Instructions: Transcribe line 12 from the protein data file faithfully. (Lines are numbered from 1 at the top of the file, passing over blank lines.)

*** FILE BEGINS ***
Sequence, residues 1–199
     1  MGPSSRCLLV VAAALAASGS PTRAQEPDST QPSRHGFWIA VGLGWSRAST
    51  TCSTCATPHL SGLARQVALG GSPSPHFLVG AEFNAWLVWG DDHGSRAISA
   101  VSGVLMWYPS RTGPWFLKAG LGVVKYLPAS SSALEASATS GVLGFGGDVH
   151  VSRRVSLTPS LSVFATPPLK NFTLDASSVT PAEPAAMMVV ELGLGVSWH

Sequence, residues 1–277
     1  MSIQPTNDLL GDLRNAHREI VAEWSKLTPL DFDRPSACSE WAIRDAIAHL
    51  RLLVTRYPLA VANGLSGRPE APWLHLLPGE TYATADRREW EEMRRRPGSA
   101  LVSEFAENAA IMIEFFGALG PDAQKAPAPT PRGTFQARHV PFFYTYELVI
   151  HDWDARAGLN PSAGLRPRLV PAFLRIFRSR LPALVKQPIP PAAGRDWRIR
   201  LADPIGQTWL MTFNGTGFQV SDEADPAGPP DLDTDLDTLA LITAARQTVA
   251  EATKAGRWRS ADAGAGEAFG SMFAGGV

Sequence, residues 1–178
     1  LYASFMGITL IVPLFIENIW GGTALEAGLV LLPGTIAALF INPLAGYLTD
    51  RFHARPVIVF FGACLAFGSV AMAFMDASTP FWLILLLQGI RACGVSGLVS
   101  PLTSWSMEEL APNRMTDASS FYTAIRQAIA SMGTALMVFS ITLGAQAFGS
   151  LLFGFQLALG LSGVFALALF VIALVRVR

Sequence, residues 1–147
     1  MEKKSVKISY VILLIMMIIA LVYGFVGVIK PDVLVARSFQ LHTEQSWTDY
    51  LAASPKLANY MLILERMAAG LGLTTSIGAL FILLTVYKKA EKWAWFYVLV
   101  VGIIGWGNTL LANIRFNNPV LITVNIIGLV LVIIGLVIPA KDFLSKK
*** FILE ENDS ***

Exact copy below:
   251  EATKAGRWRS ADAGAGEAFG SMFAGGV